The second is the extent to which time spent on call counts as working time. Judgments by the European Court of Justice suggest that all on-call time spent at the place of work, irrespective of whether it is active or inactive (resting or asleep), should be counted as working time. The court has also ruled that “compensatory rest” should be taken immediately after work shifts.
Last December, the parliament voted to end member states’ right to the opt-out and for the Court of Justice rulings to be observed. The European Council wants to retain the opt-out and to allow countries leeway on how much on-call time counts as working time and when rest is taken—a position which clearly offers health authorities more flexibility.
Expectations that these bodies will reach a compromise are fading. A recent conciliation meeting failed to reach agreement on a revised text. If agreement is not reached in their meeting later this month—and few predict it will be—the draft legislation will fall because the legal deadline for settling differences between the two institutions will have expired.
The view from Brussels is that the commission is unhappy about this impasse. If a compromise is not agreed, the status quo will prevail and, theoretically, the commission will be in the invidious position of contemplating legal action against countries that are not fully observing the 1998 directive and court rulings. In practice it will be unwilling to do this and may draft new proposals on on-call time and compensatory rest.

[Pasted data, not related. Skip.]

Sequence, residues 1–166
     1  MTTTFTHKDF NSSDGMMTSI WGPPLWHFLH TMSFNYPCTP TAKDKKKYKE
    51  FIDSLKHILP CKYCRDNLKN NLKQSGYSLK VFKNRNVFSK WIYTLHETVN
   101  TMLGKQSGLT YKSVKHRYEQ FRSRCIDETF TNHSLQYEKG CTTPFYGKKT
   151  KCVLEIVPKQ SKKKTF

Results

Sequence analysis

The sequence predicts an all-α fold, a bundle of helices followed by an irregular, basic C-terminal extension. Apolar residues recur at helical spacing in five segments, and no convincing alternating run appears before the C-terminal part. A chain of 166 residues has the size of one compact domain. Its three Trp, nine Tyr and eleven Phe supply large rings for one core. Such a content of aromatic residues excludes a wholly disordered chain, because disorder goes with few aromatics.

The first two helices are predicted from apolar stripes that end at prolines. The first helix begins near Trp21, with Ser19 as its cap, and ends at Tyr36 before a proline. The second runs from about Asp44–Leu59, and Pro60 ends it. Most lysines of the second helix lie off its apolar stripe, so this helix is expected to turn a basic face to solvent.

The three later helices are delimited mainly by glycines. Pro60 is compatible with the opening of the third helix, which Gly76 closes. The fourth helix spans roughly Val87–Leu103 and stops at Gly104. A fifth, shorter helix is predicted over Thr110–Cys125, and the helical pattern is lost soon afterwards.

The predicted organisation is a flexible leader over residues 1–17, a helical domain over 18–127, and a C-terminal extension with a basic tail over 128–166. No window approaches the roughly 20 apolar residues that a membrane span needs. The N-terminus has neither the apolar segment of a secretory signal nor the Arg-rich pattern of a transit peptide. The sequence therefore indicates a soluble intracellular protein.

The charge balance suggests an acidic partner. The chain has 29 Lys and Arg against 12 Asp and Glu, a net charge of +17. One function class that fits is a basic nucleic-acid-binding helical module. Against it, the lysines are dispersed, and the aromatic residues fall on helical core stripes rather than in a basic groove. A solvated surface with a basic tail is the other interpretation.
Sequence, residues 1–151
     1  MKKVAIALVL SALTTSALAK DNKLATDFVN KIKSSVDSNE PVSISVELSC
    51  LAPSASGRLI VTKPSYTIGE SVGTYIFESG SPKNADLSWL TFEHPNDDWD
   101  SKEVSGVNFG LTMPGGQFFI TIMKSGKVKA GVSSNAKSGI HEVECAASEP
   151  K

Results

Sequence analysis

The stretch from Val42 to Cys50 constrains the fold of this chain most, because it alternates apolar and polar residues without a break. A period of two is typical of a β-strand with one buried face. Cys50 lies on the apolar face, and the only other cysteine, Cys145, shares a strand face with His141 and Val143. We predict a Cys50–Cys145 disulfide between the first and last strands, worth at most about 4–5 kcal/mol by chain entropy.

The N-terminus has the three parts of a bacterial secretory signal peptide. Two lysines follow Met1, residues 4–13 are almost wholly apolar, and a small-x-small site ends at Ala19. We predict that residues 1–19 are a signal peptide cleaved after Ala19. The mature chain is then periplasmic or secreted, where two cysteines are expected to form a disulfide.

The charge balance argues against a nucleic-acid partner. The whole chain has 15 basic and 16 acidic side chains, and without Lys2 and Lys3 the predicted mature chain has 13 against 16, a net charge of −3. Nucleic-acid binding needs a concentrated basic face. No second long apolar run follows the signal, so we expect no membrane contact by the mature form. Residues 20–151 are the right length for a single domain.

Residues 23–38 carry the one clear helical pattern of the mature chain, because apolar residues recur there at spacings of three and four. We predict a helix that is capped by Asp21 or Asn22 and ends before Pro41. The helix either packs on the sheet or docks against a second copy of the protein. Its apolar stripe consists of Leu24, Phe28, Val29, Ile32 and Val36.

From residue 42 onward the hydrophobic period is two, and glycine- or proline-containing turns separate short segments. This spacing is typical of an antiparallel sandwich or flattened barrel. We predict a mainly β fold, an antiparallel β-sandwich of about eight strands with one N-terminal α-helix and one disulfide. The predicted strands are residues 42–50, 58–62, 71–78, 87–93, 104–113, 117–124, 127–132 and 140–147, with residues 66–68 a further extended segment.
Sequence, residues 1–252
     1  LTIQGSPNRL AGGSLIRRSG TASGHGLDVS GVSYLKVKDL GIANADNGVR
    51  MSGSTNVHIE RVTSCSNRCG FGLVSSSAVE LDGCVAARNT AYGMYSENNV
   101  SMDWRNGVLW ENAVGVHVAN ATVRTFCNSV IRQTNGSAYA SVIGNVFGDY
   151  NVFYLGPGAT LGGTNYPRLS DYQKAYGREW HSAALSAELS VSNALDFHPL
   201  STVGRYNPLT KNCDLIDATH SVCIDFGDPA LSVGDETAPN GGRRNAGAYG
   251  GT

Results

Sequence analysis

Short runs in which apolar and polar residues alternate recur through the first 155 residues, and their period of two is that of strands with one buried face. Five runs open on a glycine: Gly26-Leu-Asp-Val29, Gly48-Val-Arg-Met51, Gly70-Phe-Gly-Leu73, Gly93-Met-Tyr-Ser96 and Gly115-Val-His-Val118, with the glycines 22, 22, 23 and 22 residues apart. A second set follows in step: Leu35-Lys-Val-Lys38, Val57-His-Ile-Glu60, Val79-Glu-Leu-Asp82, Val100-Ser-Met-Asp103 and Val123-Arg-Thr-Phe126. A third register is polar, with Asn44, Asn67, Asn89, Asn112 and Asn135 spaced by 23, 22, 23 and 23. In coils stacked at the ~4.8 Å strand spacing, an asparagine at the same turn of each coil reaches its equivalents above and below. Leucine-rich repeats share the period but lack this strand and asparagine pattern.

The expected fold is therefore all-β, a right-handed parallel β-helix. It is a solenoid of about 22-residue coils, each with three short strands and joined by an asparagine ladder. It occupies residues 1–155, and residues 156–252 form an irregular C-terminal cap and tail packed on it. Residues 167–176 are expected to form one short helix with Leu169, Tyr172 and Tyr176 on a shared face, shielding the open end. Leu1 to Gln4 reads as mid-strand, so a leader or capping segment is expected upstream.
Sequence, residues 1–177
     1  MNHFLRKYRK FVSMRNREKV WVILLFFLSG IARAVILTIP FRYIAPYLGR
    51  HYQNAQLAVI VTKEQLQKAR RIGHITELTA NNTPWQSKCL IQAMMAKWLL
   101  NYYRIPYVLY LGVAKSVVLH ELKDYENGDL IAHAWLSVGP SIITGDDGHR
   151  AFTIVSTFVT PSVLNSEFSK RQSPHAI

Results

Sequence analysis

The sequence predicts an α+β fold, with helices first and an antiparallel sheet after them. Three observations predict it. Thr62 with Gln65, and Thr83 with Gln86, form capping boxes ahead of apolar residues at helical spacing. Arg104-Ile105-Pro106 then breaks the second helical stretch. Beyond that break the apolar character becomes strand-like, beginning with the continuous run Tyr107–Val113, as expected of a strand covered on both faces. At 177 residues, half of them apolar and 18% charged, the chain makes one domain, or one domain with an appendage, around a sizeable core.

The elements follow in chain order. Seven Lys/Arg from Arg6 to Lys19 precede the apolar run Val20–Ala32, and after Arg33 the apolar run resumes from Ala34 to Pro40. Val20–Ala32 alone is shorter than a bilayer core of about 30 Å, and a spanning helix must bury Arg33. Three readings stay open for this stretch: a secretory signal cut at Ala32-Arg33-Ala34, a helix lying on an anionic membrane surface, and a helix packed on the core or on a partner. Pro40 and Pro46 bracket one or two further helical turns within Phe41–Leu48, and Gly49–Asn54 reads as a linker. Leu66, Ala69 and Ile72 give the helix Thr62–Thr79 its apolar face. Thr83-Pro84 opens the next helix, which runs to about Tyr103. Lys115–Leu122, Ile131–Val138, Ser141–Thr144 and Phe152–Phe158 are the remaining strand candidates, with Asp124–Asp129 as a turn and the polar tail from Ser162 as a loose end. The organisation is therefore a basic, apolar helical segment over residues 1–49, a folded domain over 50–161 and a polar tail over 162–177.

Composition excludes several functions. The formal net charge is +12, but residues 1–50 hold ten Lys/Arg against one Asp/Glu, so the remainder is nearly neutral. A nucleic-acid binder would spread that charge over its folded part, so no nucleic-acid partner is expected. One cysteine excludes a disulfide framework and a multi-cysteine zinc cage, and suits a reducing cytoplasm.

Just how many countries are failing to implement the European Working Time Directive is not known. The commission carried out a survey of member states’ compliance last year, but the results are not yet available. In the health sector anecdotal evidence from a BMA survey of representatives of national medical associations suggests that many countries are not in a position to meet the August 2009 deadline. In the UK the picture is mixed. The Department of Health has suggested that six of the 13 strategic health authorities want more time to achieve full compliance, although most trusts maintain they are reaching the 48 hour goal.